Ex-partner of Bandidos bikie Ricky Chapman wins the right to bury him, ahead of his mother
Ex-partner of Bandidos cyclist who died on a mining site wins right to bury him in place of his mother after bitter lawsuit between the two women
- Ricky Chapman, 32, died after a medical episode at work on April 20
- His girlfriend, Stacey Schoppe, has been given permission to organize his funeral
- His mother, Suzy Britt, twice appealed rulings granting her rights to his remains
The story over who will bury ex-Bandido Ricky Chapman has successfully ended with his ex-girlfriend after judges said further delaying his funeral was an ‘insult’ to the dignity of the dead.
Ricky Chapman died nine weeks ago, on April 20, after a medical episode while on duty at the Port of Rio Tinto in Cape Lambert, 1,500 km north of Perth.
His death sparked a series of bitter legal battles over who would bury the 32-year-old Chapman between his mother, Suzy Britt, and his ex-partner Stacey Schoppe, who represented himself everywhere.
The saga over who will bury ex-Bandido Ricky Chapman has come to an end with his ex-girlfriend, Stacey Schoppe (pictured), after judges said further delaying his funeral was an ‘insult’ to the dead man’s dignity
Chapman (above) died while working at the port of Rio Tinto in Cape Lambert, 1,500 miles north of Perth, while his girlfriend told the court he had suffered several seizures in the run-up to the case
Chapman was diagnosed with epilepsy and worked closely with doctors to treat his condition just days before his sudden death, the court heard.
Chapman died 16 months after surviving being hit by the same assassin bullet that killed rebel boss Nick Martin’s in Perth Motorplex in December 2020.
Mrs. Schoppe, of Perth, paid for Chapman’s funeral in advance and claimed her plans for his funeral were in accordance with Chapman’s wishes.
Ms Schoppe has been given final permission to hold a funeral for her ex-partner, Ricky Chapman
His death sparked a series of bitter legal battles over who would bury the 32-year-old Chapman between his mother, Suzy Britt (pictured) and his ex-partner Schoppe
Ms Britt, from Adelaide, challenged two previous court rulings granting Ms Schoppe permission to conduct Chapman’s funeral and took the case to the WA Court of Appeal.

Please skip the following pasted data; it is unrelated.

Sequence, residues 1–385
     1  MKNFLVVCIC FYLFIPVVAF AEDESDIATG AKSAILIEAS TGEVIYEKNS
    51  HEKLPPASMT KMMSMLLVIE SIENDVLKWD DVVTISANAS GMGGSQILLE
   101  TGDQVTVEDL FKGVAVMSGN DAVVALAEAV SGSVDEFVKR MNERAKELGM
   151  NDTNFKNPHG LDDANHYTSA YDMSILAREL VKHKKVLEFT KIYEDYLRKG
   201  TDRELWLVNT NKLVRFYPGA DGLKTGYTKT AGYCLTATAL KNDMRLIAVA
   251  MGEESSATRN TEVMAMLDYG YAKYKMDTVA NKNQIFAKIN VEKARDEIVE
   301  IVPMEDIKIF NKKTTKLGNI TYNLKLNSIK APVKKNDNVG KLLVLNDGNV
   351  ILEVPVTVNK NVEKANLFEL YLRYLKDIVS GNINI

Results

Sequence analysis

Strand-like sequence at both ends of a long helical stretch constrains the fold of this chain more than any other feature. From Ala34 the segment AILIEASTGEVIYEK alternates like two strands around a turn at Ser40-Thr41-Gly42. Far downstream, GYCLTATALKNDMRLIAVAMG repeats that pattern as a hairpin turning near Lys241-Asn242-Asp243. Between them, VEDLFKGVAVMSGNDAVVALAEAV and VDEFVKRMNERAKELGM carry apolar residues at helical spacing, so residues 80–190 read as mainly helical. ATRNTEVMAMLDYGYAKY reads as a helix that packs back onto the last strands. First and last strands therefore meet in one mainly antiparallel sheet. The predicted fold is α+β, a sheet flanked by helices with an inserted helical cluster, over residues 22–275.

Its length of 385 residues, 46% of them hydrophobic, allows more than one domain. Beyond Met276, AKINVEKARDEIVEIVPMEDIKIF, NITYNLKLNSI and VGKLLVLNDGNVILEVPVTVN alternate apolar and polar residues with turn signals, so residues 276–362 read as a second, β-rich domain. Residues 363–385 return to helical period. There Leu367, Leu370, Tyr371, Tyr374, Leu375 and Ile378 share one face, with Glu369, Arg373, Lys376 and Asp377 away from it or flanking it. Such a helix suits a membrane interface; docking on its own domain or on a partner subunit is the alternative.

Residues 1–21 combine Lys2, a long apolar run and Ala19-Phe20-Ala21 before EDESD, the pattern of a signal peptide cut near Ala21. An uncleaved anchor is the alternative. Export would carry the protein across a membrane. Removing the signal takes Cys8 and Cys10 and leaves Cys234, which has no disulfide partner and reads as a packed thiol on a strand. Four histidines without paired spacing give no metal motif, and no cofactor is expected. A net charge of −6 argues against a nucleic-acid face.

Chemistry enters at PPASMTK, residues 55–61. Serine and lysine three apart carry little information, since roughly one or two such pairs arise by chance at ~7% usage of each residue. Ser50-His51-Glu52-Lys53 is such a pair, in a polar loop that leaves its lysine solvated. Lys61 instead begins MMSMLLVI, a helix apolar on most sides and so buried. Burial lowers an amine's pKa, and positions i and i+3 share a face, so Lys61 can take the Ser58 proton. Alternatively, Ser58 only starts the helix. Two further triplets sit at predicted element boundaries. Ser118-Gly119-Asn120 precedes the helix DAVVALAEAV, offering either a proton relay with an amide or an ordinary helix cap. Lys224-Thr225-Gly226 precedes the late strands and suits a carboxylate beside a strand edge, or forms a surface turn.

Part of her appeal was that Chapman’s cultural roots should be taken into account when deciding on his funeral.
Mrs Britt’s family is made up of Aboriginal people from the Kaurna nation of South Australia.
She lost that appeal before three judges on Friday, but made one last attempt to uphold the decision as her legal team weighed up an appeal to the High Court of Australia.
The appeals court ruled that there was insufficient reason not to allow Ms Schoppe to administer Chapman’s estate or arrange the funeral.
Previously, Ms Britt’s team produced text messages indicating that Ms Schoppe and Chapman were not dating when he died.
She disputed this saying, although they broke up, they were also reunited and in a long-term relationship.
“We just want to be able to free him the way he wanted,” said Mrs. Schoppe.
It was noted that Mrs. Schoppe had also offered to share Chapman’s remains with his mother
Ms Schoppe said she and Chapman started an actual relationship in 2019 and she was pregnant with him
It was noted that Mrs. Schoppe had also offered to share Chapman’s remains with his mother.
After Judges Graeme Murphy, Robert Mitchell and Andrew Beech delivered their verdict, they rejected Ms Britt’s application at the last minute because the delay had already been too long and that waiting any longer was an ‘insult’ to his dignity.
While acknowledging Chapman’s indigenous roots, they found that ‘he has no lasting connection to South Australia and wished that his remains be disposed of in the manner suggested by Mrs Schoppe’.
While the WA Court of Appeal recognized Chapman’s indigenous roots, they found that he had no lasting connection to South Australia, where his mother’s family came from.
The WA Court of Appeals heard testimony from Ms. Schoppe that she was the only person to visit him in prison after he violated his parole for riding bicycles.
Mrs. Schoppe was given the right to take Chapman’s remains after he died, but Mrs. Britt appealed.
Justice Curthoys ruled in the younger woman’s favor, accepting that she had been in an actual relationship with Chapman since 2019 when she was pregnant with his child.
She eventually miscarried.